This article is part of a series on Lean and the Theory of Constraints. Here is the 3 part series:
- Lean and Theory of Constraints: An Either/Or Proposition?
- The Theory of Constraints – The Fundamentals
- Reconciling Lean and The Theory of Constraints
This is the last part of the series on Lean and The Theory of Constraints, where I originally asked how Lean and the Theory of Constraints can work together. In this article I propose several ways one can Reconcile Lean and the Theory of Constraints.
I then proceeded to describe the fundamentals of the Theory of Constraints, followed by an explanation of the fundamentals of Lean Management.
This post is my attempt at showing where Lean Manufacturing and The Theory of Constraints agree and can work harmoniously together and also on the areas where they disagree.
But, my overall argument is this: there is no Either/Or – Lean Thinking and The Theory of Constraints can and do work just fine together.
Where Lean and Theory of Constraints Agree
- Value: both Lean and the Theory of Constraints agree that value is critical and is defined by the customer. In the Theory of Constraints, Value is a determining factor on whether the organization will increase throughput, or the rate at which money enters the company’s coffers. In Lean, Value plays a different role: to maximize Value, we must identify and eliminate waste (muda).
- Flow: both Lean and the Theory of Constraints agree that flow is important.
- Pull: both Lean and the Theory of Constraints agree that Pull is how a good, product, or service should be produced. In the Theory of Constraints, Pull is the force behind the Drum-Buffer-Rope method while, in Lean, Kanban is the tool used to implement Pull. Both Lean and Theory of Constraints view work-in-process (WIP) as counter to the goals of the organization and counter to the financial health of the firm.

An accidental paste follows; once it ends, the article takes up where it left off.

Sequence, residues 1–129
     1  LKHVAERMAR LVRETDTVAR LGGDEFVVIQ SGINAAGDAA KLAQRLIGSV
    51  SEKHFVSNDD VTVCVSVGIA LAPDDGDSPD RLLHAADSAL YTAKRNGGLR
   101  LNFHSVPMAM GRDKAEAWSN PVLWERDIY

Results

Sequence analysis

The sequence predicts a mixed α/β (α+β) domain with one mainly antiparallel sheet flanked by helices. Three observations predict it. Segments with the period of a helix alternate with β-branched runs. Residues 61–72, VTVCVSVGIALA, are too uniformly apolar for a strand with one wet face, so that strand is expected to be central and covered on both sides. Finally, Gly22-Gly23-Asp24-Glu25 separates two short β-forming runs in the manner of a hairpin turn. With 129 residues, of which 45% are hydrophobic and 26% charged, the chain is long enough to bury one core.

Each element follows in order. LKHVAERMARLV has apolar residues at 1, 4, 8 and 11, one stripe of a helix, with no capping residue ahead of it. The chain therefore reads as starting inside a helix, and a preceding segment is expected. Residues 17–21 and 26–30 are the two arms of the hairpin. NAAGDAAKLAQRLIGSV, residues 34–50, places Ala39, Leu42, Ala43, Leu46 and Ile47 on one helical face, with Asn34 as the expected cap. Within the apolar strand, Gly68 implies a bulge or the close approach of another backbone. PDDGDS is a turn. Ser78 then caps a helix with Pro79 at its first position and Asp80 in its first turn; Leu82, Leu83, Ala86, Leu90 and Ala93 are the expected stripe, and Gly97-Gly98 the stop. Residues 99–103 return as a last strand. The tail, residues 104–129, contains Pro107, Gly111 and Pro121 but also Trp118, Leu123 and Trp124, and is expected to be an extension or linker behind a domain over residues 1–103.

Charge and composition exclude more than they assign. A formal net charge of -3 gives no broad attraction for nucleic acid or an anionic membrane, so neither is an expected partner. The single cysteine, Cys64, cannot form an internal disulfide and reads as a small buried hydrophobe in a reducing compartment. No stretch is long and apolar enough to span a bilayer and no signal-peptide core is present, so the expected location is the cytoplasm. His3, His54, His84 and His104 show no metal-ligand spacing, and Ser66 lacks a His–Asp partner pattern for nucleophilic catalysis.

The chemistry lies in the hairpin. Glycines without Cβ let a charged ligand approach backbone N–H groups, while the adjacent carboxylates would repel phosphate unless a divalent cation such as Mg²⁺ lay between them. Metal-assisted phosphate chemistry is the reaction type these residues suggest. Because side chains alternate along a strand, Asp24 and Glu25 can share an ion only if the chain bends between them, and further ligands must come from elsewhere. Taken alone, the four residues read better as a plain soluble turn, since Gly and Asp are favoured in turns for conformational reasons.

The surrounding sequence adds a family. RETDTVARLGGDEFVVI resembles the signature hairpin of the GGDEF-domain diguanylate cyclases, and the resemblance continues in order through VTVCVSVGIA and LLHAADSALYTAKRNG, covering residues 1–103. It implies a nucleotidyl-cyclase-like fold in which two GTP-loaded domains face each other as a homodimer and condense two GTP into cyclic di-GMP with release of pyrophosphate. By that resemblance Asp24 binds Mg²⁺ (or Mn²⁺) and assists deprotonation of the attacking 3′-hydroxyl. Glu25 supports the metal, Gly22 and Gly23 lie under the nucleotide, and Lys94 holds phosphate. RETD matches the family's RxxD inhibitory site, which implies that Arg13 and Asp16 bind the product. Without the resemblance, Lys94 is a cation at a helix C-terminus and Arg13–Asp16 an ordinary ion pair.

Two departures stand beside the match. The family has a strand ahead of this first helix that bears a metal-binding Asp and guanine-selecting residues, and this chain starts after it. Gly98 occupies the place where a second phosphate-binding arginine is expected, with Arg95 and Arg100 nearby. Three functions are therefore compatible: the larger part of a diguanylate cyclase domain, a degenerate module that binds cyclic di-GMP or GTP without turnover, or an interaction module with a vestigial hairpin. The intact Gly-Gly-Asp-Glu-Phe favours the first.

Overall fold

In Sum, the main point is this:
Rather than looking at a value stream, identify the system constraint first. Then, eliminate waste at the system constraint.
That is a simplistic statement, but it also demonstrates the main point I’m trying to make and how to reconcile Lean Thinking with the principles of The Theory of Constraints.
Where Lean and Theory of Constraints Disagree
In Lean, the idea of Profit is explained in the following simple equation:
In Lean: Profit = Price – Cost
Knowing this equation puts Lean squarely on the path toward attacking what is controllable by the organization; in this case, Costs are controllable. This mindset leads, then, to the identification of wastes, and systematically attacking waste, etc.
In the Theory of Constraints, the definition of Profit is confusing and a bit conflated:
Throughput (T) = the rate at which the organization generates money through sales
and Operating Expense:
Operating Expense (OE) = all of the money the organization spends in order to turn inventory into throughput
Given the above, Profit is calculated thus:
Profit = T OE
So, in the Theory of Constraints, Profit is equivalent to Throughput minus Operating Expense. It is confusing because the definitions of Throughput and Operating Expense are not standard. In itself, that’s not a big deal, but it becomes an issue when trying to adopt the Theory of Constraints as a management method in an organization.
Lean and The The Theory of Constraints differ here, but this is not a big deal. I see it as a minor disagreement and does not impede from these two management methods from working well together.
Another area where Lean and Theory of Constraints differ is in the role of people. Lean places a high value on people and elevates this principle as a Pillar – Respect for People. In the Theory of Constraints, I have not read or seen or experienced a prioritization of people over profit or process. In fact, people aren’t discussed much, from my experience of the Theory of Constraints.
Lean Management and The Theory of Constraints can and do work just fine together. There is no either/or, but instead an “and”. To blend both, one must identify the system constraint, and then systematically eliminate waste from the constraint.